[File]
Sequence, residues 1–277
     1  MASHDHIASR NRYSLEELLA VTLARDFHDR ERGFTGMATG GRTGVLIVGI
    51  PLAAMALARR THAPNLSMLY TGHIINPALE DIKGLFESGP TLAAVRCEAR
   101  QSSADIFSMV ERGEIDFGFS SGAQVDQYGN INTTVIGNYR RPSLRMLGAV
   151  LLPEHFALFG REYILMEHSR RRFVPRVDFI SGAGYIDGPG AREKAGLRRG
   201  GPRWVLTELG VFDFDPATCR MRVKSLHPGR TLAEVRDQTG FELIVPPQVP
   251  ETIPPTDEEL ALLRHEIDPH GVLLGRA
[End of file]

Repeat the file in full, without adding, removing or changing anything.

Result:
Sequence, residues 1–277
     1  MASHDHIASR NRYSLEELLA VTLARDFHDR ERGFTGMATG GRTGVLIVGI
    51  PLAAMALARR THAPNLSMLY TGHIINPALE DIKGLFESGP TLAAVRCEAR
   101  QSSADIFSMV ERGEIDFGFS SGAQVDQYGN INTTVIGNYR RPSLRMLGAV
   151  LLPEHFALFG REYILMEHSR RRFVPRVDFI SGAGYIDGPG AREKAGLRRG
   201  GPRWVLTELG VFDFDPATCR MRVKSLHPGR TLAEVRDQTG FELIVPPQVP
   251  ETIPPTDEEL ALLRHEIDPH GVLLGRA